The Heart of a Restaurant

Posted on Front of House May 2012 - by Tandoori Magazine
The Heart of a Restaurant

Jitendra Rana, owner of the newly opened Atithi, in Twickenham, believes that a good chef is at the heart of a restaurant. He explains more to Tandoori

Suburban Indian restaurants can often have a familiarity about them, which one becomes accustomed to. They give customers what they want and are good at doing that. But whilst there's nothing wrong with meeting expectations, what it can also mean is a lack of anything new and surprising to offer to your customers. So what is it that would thrill and excite them, and keep them coming back?

According to Jitendra Rana, proprietor of the newly launched Atithi, in Twickenham, it's a good chef – and a good chef is at the heart of a good restaurant.

"I've eaten out for many years," says Rana, "and had experience of aspects such as finance, service and marketing. So it was on my mind for a while to start up a restaurant. But I was also aware that in suburban enclaves, good Indian restaurants are hard to find, particularly ones that serve authentic Indian cooking. To bring that to the fore in a restaurant that I was going to open, it was crucial that I had a quality chef at the helm."

Having known Krishnapal Negi, who co-owns Swagat, in Richmond, Rana decided to include him in the project as head chef and co-director of Atithi. As discussions ensued, it was decided that Atithi would have a menu with strong north Indian leanings, but one where authenticity was partnered with some of Negi's own touches, particularly when it comes to execution and presentation.

"Twickenham is an area," notes Rana, "which has anywhere between 15 to 20 Indian restaurants just within a radius of a mile. So Atithi had to stand out from the competition and be truly authentic and distinctive. At the same time, a certain amount of flair had to come into the cooking. One thing I knew we couldn't do is to be adventurous or flamboyant in any way. That would really go against the principle of being a neighbourhood restaurant."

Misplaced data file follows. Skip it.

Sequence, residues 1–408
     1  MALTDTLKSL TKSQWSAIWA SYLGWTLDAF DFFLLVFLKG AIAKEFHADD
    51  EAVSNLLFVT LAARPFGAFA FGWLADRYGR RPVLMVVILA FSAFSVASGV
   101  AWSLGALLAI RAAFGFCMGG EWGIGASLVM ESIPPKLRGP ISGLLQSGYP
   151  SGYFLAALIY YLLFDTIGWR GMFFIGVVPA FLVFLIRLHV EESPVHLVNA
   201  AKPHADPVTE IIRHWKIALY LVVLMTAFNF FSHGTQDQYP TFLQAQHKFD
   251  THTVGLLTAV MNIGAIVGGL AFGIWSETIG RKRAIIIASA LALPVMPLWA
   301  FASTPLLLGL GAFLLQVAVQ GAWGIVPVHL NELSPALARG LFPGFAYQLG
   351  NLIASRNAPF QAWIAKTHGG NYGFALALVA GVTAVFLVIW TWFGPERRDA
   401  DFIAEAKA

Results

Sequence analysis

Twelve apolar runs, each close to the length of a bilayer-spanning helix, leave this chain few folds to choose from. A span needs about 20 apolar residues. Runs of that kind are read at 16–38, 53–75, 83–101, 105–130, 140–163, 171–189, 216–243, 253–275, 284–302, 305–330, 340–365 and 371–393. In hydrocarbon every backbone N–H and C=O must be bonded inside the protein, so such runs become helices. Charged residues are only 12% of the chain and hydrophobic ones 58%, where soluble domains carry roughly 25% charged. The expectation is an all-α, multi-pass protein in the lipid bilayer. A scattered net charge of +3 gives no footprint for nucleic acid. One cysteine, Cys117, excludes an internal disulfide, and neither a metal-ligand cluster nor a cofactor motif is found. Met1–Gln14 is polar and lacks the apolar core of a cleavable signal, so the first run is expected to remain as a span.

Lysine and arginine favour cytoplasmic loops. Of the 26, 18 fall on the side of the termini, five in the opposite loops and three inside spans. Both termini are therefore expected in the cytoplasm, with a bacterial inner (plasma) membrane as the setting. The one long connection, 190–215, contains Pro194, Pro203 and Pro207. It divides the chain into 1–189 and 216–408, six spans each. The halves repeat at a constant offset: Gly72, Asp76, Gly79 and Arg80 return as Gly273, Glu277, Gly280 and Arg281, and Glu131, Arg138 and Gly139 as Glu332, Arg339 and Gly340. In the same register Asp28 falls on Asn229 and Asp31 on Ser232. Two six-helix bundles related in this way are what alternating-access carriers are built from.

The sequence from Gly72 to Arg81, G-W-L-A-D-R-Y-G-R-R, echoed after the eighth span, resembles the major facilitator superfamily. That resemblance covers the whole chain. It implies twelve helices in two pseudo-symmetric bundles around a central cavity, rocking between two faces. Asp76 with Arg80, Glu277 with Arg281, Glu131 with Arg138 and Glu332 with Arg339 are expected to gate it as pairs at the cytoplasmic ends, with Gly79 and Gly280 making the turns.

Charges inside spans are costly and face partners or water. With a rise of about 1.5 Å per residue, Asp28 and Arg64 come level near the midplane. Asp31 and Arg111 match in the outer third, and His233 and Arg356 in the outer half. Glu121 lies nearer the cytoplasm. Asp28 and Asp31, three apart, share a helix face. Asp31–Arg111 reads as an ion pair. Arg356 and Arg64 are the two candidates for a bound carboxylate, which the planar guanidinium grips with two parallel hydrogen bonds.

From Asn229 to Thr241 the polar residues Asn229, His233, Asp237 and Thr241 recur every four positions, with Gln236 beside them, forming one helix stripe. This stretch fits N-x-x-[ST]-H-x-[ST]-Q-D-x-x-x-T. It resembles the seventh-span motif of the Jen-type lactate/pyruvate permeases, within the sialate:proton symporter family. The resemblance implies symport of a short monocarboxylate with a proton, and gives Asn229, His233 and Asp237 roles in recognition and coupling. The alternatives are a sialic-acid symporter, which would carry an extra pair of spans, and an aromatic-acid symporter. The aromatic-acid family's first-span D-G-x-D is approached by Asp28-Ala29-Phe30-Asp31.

Negi's credentials are second to none and he's arguably one of the finest Indian chefs working in the UK today. Having trained with the Oberoi hotel group, Negi has worked under the likes of chef Vineet Bhatia here as well as garnering a Michelin BIB Gourmand at Tangiwizi, one of the previous restaurants he worked at.

"I was confident," states Negi, "that I would be able to assist Jitendra and his partners with what they required. Richmond, where Swagat is based, isn't far at all from Twickenham, so I knew the terrain and the overall customer base. At the end of the day, any chef worth his salt should be able to gauge customer tastes very quickly and decipher their likes and dislikes."

Did Rana ever feel when discussions were taking place that perhaps Negi didn't quite grasp how the project was going to pan out or vice versa?

"Nothing runs smoothly in business," he admits. "But what we mainly did have was a healthy argument over the price levels of the menu. For myself, I feel that what Negi was proposing was just too low. Then again, he has years of experience and knowledge, and can make a judgement, which is better than mine. He understands how to cater for different palates and to give the food a refined veneer, something which separates a good chef from a mediocre one. I couldn't have asked for anyone better to have joined me."


Sample Menu


Ambhi paneer tikka

Garlic mushroom

Prawn naryali

Murg malai tikka


Teekhay jheengey

Grilled sea bass

Masala liptey murgh

Gilafi handi


Bhutta methi palak

Pinde chole

Aloo udayagiri

Sabzee panj rattanee

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